• Of the nearly 1,000 people that have been in entrapment accidents, approximately 200 of them were younger than 18 years old, kids who by law should never have been given such dangerous jobs.

Again, these numbers haven’t declined since the sixties. In 2020, there were 64 suffocation incidents involving grain entrapment, at least 33 of which were fatal. In 2022, there were 42 grain entrapment accidents with 15 of these reported as deadly. To compare, that same year there were 9 explosions reported with some injuries, but no fatalities.

Grain Bins vs. Silos in Louisiana

A note on terminology: the terms grain bins and silos can be used interchangeably in informal discussions, but technically speaking, the two structures are very different. The silos you can spot on a dairy farm are usually tall, narrow, and made of concrete or steel, or sometimes wood or bricks. They have a domed roof, and they need to be airtight to store wet fodder, such as grass, to feed dairy cows.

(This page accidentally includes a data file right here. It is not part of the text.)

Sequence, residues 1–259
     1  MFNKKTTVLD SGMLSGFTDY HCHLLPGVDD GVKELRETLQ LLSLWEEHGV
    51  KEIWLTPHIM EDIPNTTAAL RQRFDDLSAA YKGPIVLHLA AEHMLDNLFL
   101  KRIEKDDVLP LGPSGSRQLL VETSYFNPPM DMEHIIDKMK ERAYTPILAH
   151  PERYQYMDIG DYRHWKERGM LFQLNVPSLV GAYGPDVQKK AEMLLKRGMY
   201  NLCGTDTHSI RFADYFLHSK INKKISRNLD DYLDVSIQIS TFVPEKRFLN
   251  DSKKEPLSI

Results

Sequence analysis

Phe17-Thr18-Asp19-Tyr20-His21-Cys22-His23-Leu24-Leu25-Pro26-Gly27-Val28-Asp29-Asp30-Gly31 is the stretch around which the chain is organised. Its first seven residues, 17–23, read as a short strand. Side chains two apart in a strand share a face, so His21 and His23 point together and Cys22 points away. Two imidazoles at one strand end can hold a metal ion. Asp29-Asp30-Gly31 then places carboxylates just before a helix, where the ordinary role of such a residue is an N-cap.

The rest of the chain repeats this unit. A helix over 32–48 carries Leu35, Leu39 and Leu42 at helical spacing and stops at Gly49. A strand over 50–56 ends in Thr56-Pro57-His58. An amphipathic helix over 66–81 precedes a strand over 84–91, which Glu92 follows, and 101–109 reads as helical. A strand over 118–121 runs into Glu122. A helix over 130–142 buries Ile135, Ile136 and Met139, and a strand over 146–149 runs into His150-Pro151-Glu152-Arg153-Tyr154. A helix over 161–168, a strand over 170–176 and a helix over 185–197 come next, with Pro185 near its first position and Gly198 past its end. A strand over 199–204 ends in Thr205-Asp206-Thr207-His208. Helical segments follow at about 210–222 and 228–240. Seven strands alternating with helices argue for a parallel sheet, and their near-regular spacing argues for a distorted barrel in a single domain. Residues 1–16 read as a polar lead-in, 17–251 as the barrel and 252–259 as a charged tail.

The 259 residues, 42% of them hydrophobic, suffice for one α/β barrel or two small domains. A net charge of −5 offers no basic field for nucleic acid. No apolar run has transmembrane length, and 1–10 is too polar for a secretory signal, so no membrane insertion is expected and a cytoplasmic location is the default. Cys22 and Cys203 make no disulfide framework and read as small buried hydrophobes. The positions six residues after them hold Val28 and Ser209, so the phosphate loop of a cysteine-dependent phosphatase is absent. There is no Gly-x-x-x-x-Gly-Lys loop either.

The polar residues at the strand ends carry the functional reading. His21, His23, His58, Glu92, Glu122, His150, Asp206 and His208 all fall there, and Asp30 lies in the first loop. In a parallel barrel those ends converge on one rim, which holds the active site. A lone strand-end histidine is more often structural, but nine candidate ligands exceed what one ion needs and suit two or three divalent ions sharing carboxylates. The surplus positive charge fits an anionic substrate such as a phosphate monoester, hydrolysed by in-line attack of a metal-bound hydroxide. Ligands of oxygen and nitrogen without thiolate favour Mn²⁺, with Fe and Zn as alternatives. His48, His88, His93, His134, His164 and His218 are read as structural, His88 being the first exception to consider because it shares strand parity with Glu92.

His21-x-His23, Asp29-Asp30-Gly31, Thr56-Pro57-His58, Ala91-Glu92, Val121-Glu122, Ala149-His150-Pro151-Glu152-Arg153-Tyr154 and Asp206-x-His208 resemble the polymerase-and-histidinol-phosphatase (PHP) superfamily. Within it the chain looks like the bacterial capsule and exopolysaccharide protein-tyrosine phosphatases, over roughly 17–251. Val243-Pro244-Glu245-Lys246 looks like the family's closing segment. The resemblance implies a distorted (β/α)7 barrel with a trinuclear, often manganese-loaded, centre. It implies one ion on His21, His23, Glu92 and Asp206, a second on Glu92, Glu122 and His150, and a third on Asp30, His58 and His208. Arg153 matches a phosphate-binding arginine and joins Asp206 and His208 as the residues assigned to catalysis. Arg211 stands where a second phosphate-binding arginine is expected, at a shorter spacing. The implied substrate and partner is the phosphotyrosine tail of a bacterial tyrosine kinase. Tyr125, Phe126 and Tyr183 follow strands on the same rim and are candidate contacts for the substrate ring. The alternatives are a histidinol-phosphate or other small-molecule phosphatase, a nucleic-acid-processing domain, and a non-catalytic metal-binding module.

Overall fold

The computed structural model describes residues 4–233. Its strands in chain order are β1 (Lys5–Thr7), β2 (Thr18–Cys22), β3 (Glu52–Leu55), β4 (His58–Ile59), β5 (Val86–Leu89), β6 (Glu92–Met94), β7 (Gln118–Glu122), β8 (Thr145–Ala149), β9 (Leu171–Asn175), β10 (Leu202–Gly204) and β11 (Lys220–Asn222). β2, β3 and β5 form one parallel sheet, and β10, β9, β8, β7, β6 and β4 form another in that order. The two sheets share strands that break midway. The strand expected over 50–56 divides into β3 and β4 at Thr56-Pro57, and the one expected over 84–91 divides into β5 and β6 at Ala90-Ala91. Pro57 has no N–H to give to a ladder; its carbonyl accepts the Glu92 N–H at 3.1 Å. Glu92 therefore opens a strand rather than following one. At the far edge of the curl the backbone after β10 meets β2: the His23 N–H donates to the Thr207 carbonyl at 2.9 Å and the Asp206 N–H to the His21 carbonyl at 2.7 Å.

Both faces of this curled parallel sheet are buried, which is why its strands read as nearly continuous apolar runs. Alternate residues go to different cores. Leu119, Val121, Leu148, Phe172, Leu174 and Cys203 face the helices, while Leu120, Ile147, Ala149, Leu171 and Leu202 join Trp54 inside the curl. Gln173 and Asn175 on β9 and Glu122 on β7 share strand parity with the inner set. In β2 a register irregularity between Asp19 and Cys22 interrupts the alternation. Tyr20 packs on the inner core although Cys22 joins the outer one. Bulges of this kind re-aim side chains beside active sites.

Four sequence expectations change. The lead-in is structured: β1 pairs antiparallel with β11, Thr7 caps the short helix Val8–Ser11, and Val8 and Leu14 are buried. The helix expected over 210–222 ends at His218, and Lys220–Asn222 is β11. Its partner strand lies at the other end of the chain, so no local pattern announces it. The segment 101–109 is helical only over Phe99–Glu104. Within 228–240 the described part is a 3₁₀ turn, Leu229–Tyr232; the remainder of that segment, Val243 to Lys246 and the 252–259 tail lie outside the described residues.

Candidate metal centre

Grain bins on the other hand store dry corn, soybeans, oats, barley, wheat, and so forth. They might be tall structures, but they’re often wide as well, made of corrugated steel (so they’re shinier), and they have peaked roofs as well as stairs or ladders. These structures can still be used for animal feed, but they also hold dry grain for domestic food and food exports. Keeping this grain dry is crucial for preventing grain spoilage as well as reducing hazards for workers.

How Do Grain Bin Accidents Happen?

Grain bins can easily store tens of thousands of bushels of grain (a U.S. bushel is about 35 liters, or 9.3 gallons), so if a worker falls in, even if their head is above the grain, the pressure leaves them unable to move, and sometimes unable to breathe.

Anyone working in or around grain bin can fall in, whether it’s from a catwalk, platform, or lift, but some of the highest risks for engulfment happen while a worker is checking on grain that isn’t flowing properly into an unloading machine, or while they’re gathering a sample to check for moisture, humidity, and other measures of quality. While these risks apply to workers who are in the grain storage bins that you can spot from the highway, they also occur in grain storage on semi-trailers, grain wagons, and other transports.

Working in Flowing Grain